why is the third world poor? key concepts
debt: Most 3rd world countries are highly indebted. That means they owe a lot of money. In 1990, they were paying collectively $110billion/year in interest payments alone. They pay a high percentage of their GNP (Gross National Product: everything produced in a country in a year) just to keep up and most have no hopes of ever being out of debt. In order to pay the debt, countries must export in order to earn foreign exchange (dollars). What do they export and at what cost? Forests & fish at rates that are causing permanent environmental devastation, extinction, etc; High-value agricultural crops, like snow peas, which require use of land, water, and labor that then is not available for domestic food needs; Peoples’ health, by wooing foreign corporations to open factories which operate with no regard for worker safety.
The International Monetary Fund & the World Bank give loans and reschedule or refinance existing loans. These are semi-public, semi-private non-democratic institutions that operate independently of any government. This means they are not accountable to any citizenry or constituency and their records are secret.
when and why did the debt start?: In the late 1970s, 1st world banks were flush with money from OPEC deposits (massive profits on oil). Wanting to make money with that money, they started loaning it out very generously. at the time, it was thought impossible for a country to default on their loans and “development theorists” believed that the 3rd world would experience economic growth & catch up to the 1st world, or at least make enough to pay off the loans. But the 1st world banks were so enthusiastic to lend monies that they exercised little oversight over how the money was spent. 3rd world elites spent it on airports, skyscrapers, military, and other things that didn’t actually build the economy (these purchases are sometimes described as “symbols of development”, rather than actual development). Having refinanced over and over, third world countries are now facing a staggering debt for monies that never benefited the poor and did little to build economic infrastructure.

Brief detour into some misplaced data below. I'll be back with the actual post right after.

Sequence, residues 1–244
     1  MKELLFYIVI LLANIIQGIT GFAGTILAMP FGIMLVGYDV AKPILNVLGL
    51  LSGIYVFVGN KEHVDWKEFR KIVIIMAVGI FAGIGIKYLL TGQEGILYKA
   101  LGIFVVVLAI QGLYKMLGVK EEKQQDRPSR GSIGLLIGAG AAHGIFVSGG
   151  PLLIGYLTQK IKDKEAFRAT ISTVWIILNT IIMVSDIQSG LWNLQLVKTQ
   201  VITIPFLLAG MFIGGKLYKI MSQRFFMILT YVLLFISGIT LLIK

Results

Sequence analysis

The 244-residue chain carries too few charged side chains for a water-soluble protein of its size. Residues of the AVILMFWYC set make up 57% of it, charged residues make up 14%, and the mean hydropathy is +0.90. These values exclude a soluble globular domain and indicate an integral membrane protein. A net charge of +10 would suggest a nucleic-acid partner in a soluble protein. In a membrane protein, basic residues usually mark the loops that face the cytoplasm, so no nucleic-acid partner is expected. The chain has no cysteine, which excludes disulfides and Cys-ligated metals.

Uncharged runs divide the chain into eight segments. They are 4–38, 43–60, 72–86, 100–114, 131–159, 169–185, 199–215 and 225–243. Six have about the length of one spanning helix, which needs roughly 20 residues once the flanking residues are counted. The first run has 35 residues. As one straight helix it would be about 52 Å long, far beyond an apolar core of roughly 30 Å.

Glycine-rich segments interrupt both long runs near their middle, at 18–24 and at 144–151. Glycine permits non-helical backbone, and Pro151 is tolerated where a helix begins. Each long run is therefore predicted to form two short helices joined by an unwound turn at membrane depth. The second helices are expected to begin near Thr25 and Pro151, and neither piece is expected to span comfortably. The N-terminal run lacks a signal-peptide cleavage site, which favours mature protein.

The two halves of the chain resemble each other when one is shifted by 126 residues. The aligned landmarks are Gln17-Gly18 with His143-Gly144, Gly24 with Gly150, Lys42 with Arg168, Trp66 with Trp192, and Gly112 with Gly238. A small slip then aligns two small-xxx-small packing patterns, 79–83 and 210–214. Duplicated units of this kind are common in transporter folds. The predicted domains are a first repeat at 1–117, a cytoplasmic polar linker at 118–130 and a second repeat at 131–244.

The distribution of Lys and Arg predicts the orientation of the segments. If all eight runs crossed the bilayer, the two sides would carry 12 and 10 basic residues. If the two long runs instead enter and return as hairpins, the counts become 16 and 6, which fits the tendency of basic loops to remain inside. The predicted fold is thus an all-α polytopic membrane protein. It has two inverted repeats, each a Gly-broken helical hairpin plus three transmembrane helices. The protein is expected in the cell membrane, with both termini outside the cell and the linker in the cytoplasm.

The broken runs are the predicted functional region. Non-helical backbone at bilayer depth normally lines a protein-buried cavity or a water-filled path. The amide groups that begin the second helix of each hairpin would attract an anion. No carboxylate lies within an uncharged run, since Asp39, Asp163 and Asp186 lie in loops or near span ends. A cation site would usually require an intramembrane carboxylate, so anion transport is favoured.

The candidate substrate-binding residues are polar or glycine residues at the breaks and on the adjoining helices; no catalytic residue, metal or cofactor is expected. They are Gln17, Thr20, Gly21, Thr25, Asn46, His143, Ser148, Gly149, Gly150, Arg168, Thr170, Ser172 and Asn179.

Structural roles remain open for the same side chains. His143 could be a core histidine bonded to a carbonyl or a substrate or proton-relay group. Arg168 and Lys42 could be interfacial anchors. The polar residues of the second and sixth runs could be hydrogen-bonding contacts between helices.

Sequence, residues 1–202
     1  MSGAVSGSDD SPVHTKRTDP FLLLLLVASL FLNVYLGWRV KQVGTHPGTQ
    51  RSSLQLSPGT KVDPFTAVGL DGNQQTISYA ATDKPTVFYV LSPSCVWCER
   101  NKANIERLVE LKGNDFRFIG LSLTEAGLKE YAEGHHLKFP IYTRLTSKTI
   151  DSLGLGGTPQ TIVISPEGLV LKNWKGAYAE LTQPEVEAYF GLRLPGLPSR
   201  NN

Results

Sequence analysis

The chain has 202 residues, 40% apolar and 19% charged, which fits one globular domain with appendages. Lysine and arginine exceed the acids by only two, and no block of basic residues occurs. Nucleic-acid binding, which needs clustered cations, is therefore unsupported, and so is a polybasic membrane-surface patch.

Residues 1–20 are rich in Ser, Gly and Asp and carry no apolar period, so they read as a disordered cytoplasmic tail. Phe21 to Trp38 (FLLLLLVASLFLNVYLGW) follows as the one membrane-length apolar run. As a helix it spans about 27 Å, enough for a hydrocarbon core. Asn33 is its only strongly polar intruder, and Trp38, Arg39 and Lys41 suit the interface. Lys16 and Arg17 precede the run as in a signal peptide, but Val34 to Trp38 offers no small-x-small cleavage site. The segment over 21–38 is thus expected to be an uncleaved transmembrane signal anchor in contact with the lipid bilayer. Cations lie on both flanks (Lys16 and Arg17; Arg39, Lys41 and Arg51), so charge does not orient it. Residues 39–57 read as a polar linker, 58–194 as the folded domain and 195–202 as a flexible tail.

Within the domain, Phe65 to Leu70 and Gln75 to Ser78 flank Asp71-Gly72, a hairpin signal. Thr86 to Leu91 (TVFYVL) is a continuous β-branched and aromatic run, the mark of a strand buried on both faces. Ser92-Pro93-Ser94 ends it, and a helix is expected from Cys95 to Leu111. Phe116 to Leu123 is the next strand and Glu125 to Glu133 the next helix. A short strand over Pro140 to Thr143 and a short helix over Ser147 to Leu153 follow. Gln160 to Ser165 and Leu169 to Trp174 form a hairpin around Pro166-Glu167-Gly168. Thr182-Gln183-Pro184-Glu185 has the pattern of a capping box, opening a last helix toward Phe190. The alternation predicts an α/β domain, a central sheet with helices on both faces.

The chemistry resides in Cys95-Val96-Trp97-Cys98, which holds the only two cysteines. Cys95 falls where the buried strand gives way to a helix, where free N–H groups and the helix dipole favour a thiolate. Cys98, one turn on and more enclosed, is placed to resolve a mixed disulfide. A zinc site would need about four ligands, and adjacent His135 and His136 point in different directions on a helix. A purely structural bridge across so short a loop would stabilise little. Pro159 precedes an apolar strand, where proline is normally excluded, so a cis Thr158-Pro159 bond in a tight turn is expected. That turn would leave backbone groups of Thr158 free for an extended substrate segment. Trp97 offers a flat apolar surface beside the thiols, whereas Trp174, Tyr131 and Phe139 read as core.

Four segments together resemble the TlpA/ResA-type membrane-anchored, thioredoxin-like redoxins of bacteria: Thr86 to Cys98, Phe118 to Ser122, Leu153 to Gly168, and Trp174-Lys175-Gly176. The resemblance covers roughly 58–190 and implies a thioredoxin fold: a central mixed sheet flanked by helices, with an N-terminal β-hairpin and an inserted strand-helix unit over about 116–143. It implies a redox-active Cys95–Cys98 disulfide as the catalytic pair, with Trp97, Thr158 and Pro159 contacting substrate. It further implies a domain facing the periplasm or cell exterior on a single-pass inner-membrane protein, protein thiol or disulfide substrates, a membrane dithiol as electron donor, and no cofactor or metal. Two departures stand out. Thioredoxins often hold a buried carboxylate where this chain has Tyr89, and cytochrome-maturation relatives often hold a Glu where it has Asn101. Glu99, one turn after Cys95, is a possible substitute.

choice of projects: These days, new loans from the World Bank & IMF are very strict, in two ways. The first way is that they require the money be spent on things they approve. Unfortunately these things follow a narrow model of development: dams and other infrastructure that facilitate multinational corporations in using the cheap land and labor, rather than projects that help 3rd world peoples’ own small businesses. So while these projects largely benefit multinationals, the citizenry have to pay. (Some pay by being removed from their ancient homelands to make way for dams and other projects.)
structural adjustment: Since the 1980s, IMF & World Bank loans and loan rescheduling have come with increasing strings attached, called “structural adjustment conditionalities”. These conditionalities include: freezing the minimum wage at current levels (and sometimes cutting wages), repressing labor organizing, cutting social services (education, health, and food assistance to the poor…), devaluing the currency (this makes labor cheaper for foreign corporations, but makes any imported items more expensive for consumers), privatizing any state-owned industry and sometimes state services like transportation, and enacting free trade policies (see below).
free trade: Free trade policies are enforced by structural adjustment loans and by “Free Trade Agreements”, including NAFTA, the European Union, APEC, and, most importantly, GATT (The General Agreement on Tariffs and Trade). These policies include:
* Canceling taxes and tariffs on international business (for example: not taxing Nike products made in the country and then shipped out to the US, eliminating import tariffs on foreign rice ¾ these tariffs protect the nation’s self-sufficiency in rice);
* Eliminating any limitations on foreign ownership of land or businesses (3rdW countries used to require that foreigners take domestic joint venture partners when they opened a new factory, so that some of the profits would stay in the 3rdW country);
* Privatizing any state-owned enterprises or services and allowing foreign corporations to compete for those profits (now that the incarceration industry is one of the fastest growing industries, third world countries could be required to privatize jails);
* Treating foreign corporations as well or better than domestic ones (that means even though Nike is well known for workplace violations, the Thai government cannot inspect their factories more frequently than other factories);
* Elimination of any other protections for local producers (India was forced to permit Coca-Cola to enter their markets in the name of “free trade”, but Coca-Cola drives out of business all the little Indian producers of local soft drinks);
* Eliminating any laws that make doing business in that country expensive (such as labor law, environmental law, product safety laws, and cultural protection laws) ¾ this is called “harmonization” and, since the 1st world is also bound to these laws, we have seen our clean air act, dolphin safe tuna, bans on child labor, and other consumer protection laws cancelled. Canada has had to increase allowable pesticides by 30%.